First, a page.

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Burnham protesters express anger over wind farm firm’s ‘tactics’  

Credit:  www.burnham-on-sea.com 7 December 2010 ~~

Protesters fighting energy firm Ecotricity’s controversial plans to build a new wind farm near Burnham-On-Sea have expressed their concern at the ‘tactics’ being used by the firm after it lodged its formal planning application this week.

Ecotricity’s plans for the Black Ditch site outside East Huntspill have been slightly amended to include four turbines instead of five, but a second firm, EDF, still wants to build additional turbines at the site – as shown in the protesters’ photo montage above.

John Wakefield from the West Huntspill Wind Farm Action Group this week questioned the timing of Ecotricity submitting its planning application to Sedgemoor District Council so close to Christmas.

He told Burnham-On-Sea.com: “We have been awaiting the planning application from Ecotricity for some time and are not surprised they have chosen to put it in so close to Christmas in order to gain maximum advantage of holidays and distractions away from matters that would normally take priority. These are exactly the sort of tactics these companies take to maximise their chances of success to fill the pockets of their shareholders.”

His comments came as Ecotricity this week appealed to the ‘silent majority’ to speak up and send positive feedback about the proposals to the district council.

But Mr Wakefield said: “It is ironic that this multi-million pound company appeal to the ‘silent majority’ to support them when it’s very likely those very same people do not realise that they are funding the profits of companies like Ecotricity in overpayments to their electricity bills.”

“About £84 per year from every electricity bill payer goes towards the subsidies that pay for these inefficient machines which, by Ecotricity’s own admission, would not be otherwise built as they are not economically viable.”

West Huntspill resident Julie Trott added: “I wish to pass on my objections to the proposed wind farms in the inappropriate locations at West and East Huntspill in Somerset. My objections are not just personal but are based on my knowledge of the use of wind turbines researched over a considerable period.”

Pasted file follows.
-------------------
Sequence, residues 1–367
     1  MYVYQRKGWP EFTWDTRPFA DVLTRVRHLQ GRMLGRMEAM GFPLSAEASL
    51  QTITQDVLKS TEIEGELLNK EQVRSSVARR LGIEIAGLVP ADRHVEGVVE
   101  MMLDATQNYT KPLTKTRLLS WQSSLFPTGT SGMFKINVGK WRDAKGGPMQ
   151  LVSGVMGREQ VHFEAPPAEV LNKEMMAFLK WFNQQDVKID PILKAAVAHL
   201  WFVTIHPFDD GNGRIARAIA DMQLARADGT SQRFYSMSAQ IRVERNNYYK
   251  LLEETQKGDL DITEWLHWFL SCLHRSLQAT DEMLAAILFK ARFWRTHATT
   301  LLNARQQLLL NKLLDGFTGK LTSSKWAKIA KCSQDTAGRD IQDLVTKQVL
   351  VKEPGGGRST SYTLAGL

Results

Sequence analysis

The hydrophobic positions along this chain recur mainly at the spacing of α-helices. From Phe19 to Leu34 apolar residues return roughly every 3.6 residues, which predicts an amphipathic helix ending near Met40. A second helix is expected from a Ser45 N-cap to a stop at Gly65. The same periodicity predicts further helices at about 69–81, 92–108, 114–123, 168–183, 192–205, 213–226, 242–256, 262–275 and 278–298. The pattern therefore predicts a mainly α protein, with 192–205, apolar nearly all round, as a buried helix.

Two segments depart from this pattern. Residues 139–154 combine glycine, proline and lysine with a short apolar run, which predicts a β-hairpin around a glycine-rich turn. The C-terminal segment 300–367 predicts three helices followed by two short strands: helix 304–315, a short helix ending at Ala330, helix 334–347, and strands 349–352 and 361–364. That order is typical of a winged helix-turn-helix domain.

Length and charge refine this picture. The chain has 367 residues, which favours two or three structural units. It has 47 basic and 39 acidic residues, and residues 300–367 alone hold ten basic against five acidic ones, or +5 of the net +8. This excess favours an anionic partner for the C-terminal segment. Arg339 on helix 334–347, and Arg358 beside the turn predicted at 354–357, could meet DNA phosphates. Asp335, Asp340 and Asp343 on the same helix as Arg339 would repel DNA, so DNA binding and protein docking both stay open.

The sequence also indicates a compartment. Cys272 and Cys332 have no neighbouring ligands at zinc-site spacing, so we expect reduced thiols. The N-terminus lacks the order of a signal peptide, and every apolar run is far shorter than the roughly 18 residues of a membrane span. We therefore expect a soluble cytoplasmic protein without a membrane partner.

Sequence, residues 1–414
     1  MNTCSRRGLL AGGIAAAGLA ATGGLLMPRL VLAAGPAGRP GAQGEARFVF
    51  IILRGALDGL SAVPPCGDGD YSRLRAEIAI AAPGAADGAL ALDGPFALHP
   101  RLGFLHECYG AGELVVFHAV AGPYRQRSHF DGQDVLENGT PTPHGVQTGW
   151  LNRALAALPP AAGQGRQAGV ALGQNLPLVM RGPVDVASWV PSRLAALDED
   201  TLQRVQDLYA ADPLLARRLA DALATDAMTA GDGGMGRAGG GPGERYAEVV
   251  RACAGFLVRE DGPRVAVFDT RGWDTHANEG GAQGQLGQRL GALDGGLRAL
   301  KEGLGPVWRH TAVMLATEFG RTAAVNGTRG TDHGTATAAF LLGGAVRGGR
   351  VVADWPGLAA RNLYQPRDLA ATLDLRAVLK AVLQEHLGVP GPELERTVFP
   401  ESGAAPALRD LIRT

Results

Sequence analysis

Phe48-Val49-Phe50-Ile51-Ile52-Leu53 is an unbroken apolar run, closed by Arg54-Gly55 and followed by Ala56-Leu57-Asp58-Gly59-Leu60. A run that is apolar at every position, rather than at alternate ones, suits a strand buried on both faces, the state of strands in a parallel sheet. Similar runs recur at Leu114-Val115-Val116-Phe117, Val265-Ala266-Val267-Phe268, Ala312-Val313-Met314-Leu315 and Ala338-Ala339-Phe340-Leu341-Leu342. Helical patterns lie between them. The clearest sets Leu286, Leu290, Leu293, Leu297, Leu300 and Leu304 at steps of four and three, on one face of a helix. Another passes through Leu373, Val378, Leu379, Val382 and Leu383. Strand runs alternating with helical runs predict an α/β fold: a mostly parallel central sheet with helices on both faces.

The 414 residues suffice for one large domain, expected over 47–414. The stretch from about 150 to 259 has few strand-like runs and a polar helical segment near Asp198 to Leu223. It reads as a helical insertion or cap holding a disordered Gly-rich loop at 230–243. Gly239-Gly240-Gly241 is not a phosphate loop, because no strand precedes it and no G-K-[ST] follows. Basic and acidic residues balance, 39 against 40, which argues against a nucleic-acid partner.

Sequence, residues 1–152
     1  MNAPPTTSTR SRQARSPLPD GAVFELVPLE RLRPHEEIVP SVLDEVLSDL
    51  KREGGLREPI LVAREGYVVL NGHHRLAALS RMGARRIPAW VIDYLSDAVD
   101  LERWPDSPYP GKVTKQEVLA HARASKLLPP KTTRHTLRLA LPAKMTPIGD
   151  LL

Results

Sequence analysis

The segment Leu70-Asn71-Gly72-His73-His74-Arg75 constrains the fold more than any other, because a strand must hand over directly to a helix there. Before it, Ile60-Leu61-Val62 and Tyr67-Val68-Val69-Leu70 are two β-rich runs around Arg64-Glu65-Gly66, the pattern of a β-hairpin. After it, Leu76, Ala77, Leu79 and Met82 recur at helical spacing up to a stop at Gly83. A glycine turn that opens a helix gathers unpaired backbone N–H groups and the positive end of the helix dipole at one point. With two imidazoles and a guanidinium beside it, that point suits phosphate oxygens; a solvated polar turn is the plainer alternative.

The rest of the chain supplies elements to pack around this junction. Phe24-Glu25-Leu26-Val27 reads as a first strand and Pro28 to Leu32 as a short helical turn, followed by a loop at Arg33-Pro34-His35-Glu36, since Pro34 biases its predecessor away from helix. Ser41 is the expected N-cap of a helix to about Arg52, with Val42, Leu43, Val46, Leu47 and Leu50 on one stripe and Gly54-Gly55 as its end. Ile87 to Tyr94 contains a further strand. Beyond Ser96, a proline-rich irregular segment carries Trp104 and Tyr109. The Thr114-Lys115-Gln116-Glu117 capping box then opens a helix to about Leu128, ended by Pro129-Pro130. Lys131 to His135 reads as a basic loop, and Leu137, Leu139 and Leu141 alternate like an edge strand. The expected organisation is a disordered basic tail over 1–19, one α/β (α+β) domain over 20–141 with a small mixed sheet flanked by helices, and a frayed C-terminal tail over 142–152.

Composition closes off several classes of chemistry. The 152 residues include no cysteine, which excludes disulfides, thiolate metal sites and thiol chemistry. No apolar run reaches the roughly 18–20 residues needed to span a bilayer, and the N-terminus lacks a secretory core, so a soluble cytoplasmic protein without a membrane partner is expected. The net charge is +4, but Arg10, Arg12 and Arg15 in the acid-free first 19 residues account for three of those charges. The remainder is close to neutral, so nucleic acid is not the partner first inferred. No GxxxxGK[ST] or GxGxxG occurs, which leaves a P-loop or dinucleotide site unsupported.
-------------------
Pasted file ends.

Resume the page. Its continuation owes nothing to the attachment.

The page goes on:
“My home is approx 650m from the proposed wind farm at West Huntspill. I have lived in the area for over 25 years and I am very concerned that my family and I will suffer from the effects of noise through sleep deprivation, shadow flicker and loss of residential amenity.”

“The turbines would completely dominate not only the local area but the region as whole to the detriment of those who live in the locality and visitors to the area. The location of the proposed turbines will make them the tallest and some of the most visible man-made structures in Somerset.”

But Dale Vince, founder and MD of Ecotricity, said: “We’re very pleased to finally be submitting this project for planning approval. During the consultation phase we’ve listened carefully to the views of local people and as a result we’ve reduced our proposals from the original five windmills to four. By doing this we will ensure these windmills are good neighbours for people and wildlife.”

“At the same time, this project will still make a vital contribution to the provision of clean energy in Somerset, which currently has just one windmill in the whole county. The four we propose will be able to power more than 6,700 local homes each year – this is equivalent to more than 15% of the households within Sedgemoor District.”

“We hope that the council will recognise the real need to develop good sources of local clean energy and that the planning committee in particular will reflect that the vast majority of people wish to see developments such as this – and that those people the committee does hear from on this will be a tiny, but very vocal minority.”

Source:  www.burnham-on-sea.com 7 December 2010

This article is the work of the source indicated. Any opinions expressed in it are not necessarily those of National Wind Watch.

The copyright of this article resides with the author or publisher indicated. As part of its noncommercial effort to present the environmental, social, scientific, and economic issues of large-scale wind power development to a global audience seeking such information, National Wind Watch endeavors to observe “fair use” as provided for in section 107 of U.S. Copyright Law and similar “fair dealing” provisions of the copyright laws of other nations. Send requests to excerpt, general inquiries, and comments via e-mail.

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